The aim of the Northern NSW Healthy Kidneys Project was to reduce hospital admissions relating to chronic kidney disease through the prevention, detection and management of early stage chronic kidney disease in the three Aboriginal Medical Services (AMSs) located in Northern NSW.
The project was sponsored by the Northern NSW Aboriginal Partnership Forum, comprising of:
- North Coast Primary Health Network
- Northern NSW Local Health District
- Bulgarr Ngaru Medical Aboriginal Corporation
- Bullinah Aboriginal Health Service
- Rekindling the Spirit Ltd
The project demonstrated that through collaboration between primary and acute care services, chronic kidney disease can be detected and managed early, thereby reducing the need for renal dialysis.
As a result of project activities it was shown that:
- There was a 36 per cent increase in the number of people who were diagnosed with chronic kidney disease as a result of project activities. At the beginning of the project, 245 people were recorded as having chronic kidney disease. In March 2019 this increased to 382 people – an increase of 137 people. One AMS saw a 66 per cent increase.
- There was a 32 per cent increase in knowledge amongst clinicians on the pathophysiology of chronic kidney disease, the importance of early detection and methods of early intervention/treatment.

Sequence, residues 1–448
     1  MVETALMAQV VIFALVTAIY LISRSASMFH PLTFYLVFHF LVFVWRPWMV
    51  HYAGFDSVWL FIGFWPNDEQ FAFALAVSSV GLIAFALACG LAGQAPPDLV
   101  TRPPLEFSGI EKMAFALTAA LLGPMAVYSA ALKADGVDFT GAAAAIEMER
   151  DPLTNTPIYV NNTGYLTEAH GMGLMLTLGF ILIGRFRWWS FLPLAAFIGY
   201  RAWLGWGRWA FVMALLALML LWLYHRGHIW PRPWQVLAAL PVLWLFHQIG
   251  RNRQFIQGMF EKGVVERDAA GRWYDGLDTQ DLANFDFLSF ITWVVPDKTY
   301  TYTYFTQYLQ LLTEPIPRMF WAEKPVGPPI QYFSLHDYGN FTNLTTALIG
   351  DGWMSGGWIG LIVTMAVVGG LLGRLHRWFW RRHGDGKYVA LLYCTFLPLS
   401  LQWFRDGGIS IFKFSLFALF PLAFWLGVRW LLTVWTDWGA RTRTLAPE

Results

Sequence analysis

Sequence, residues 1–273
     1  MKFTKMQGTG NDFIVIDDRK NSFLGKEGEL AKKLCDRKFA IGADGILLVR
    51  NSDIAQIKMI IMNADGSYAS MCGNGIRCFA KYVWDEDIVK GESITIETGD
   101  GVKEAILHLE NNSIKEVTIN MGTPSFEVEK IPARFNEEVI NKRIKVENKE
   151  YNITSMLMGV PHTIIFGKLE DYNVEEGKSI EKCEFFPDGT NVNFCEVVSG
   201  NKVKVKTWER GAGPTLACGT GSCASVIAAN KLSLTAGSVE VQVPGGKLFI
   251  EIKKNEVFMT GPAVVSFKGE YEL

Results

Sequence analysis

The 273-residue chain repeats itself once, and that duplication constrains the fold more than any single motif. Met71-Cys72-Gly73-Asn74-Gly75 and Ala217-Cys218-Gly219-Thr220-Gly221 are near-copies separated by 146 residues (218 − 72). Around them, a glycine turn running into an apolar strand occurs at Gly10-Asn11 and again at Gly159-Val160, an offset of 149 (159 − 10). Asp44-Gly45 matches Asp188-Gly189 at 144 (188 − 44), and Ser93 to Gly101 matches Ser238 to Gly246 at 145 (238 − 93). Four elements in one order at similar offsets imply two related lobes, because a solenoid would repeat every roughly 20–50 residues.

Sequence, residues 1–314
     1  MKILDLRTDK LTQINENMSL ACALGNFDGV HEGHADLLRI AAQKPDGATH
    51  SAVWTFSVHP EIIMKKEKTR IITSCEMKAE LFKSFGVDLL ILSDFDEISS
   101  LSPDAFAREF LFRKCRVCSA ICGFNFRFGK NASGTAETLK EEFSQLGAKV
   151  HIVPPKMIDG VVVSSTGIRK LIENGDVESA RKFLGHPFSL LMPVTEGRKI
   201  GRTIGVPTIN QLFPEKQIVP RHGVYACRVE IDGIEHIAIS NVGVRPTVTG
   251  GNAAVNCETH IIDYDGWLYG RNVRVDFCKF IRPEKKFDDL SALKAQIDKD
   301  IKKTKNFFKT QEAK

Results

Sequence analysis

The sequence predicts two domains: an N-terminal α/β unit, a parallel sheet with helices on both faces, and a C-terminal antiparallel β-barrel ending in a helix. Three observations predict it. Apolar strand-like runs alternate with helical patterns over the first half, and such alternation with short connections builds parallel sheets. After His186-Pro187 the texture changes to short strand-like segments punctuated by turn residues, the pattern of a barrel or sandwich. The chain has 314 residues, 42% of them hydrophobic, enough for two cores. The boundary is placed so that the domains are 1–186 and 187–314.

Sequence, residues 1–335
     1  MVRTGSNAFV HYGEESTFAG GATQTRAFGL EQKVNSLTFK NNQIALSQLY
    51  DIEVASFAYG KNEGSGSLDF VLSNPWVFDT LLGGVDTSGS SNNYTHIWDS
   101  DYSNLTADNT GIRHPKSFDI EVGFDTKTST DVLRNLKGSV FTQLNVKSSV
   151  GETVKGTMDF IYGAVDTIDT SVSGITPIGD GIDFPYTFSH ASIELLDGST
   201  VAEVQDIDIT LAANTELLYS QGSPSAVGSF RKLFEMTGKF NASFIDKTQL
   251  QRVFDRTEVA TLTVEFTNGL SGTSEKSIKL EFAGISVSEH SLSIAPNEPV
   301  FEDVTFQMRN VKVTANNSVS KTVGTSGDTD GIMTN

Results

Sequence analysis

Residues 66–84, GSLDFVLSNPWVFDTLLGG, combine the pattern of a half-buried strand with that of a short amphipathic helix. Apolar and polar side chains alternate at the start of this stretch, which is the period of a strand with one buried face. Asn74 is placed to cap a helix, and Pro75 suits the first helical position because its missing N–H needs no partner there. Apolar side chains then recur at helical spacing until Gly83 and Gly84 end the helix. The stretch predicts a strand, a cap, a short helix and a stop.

- AMS Aboriginal Health Workers and practice nurses can be influential ‘champions’ for chronic kidney disease thereby changing clinical practice and culture regarding screening and follow up. Aboriginal Health Workers are the first and trusted contact within an AMS for the community and are integral to the improvement of screening and education for chronic kidney disease.
- When a whole team approach was implemented, the results were more successful.
Four out of five AMS sites now offer a chronic kidney disease clinic with a NNSW LHD nurse practitioner that educates patients who are at risk of, or are in the early stages of chronic kidney disease, to help prevent and slow down the progression of the disease. This in turn will improve the quality of life for the patient and minimise costs associated to renal replacement therapies.
To find out more please contact our NCPHN Aboriginal Health Team: click here